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"Engines of Rebellion: Confederate Ironclads and ..." Topic


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Areas of Interest

American Civil War
19th Century

395 hits since 8 Nov 2018
©1994-2019 Bill Armintrout
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Tango01 Supporting Member of TMP08 Nov 2018 8:58 p.m. PST

…. Steam Engineering in the American Civil War

"The development of steam propulsion machinery in warships during the nineteenth century, in conjunction with iron armor and shell guns, resulted in a technological revolution in the world's navies. Warships utilizing all of these technologies were built in France and Great Britain in the 1850s, but it was during the American Civil War that large numbers of ironclads powered solely by steam proved themselves to be quite capable warships.

Historians have given little attention to the engineering of Confederate ironclads, although the Confederacy was often quite creative in building and obtaining marine power plants. Engines of Rebellion: Confederate Ironclads and Steam Engineering in the American Civil War focuses exclusively on ships with American built machinery, offering a detailed look at marine steam-engineering practices in both northern and southern industry prior to and during the Civil War.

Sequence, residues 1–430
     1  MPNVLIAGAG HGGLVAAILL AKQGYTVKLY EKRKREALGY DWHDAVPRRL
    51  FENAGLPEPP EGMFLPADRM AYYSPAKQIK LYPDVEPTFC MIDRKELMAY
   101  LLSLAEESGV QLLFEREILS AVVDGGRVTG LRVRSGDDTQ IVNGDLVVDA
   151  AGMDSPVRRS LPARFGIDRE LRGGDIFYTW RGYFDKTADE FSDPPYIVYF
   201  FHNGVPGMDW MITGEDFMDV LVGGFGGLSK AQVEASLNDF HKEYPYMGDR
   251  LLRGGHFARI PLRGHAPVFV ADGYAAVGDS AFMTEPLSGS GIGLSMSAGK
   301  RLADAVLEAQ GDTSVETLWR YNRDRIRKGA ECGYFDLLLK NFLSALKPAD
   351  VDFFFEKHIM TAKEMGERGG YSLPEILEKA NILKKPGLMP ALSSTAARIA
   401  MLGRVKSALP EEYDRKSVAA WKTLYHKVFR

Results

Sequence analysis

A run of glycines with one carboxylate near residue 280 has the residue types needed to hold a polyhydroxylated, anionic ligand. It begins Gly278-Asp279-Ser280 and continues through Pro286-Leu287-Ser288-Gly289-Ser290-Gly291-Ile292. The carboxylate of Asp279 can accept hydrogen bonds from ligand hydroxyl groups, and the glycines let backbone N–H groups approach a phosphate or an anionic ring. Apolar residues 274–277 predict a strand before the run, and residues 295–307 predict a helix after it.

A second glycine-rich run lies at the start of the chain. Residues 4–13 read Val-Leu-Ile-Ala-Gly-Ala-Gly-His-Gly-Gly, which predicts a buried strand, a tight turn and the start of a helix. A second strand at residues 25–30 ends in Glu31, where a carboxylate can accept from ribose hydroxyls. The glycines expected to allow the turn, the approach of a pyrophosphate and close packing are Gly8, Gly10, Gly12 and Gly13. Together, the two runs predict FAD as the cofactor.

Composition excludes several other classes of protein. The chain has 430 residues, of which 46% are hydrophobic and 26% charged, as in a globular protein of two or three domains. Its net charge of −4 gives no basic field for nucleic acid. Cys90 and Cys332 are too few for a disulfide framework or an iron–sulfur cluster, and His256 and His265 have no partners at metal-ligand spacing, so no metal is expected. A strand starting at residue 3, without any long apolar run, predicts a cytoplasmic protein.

Beginning with a contextual naval history of the Civil War, the creation of the ironclad program, and the advent of various technologies, Saxon T. Bisbee analyzes the armored warships built by the Confederate States of America that represented a style adapted to scarce industrial resources and facilities. This unique historical and archaeological investigation consolidates and expands on the scattered existing information about Confederate ironclad steam engines, boilers, and propulsion systems…"
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Amicalement
Armand

Klaus Which09 Nov 2018 8:27 a.m. PST

Looks like a fascinating book!

Have you read Clad in Iron? That is definitely worth reading.

5**** 😀

Tango01 Supporting Member of TMP09 Nov 2018 10:56 a.m. PST

Glad you like it my friend! (smile)

Thanks for the comendation!.


Amicalement
Armand

Klaus Which10 Nov 2018 2:53 a.m. PST

You're welcome Armand :)

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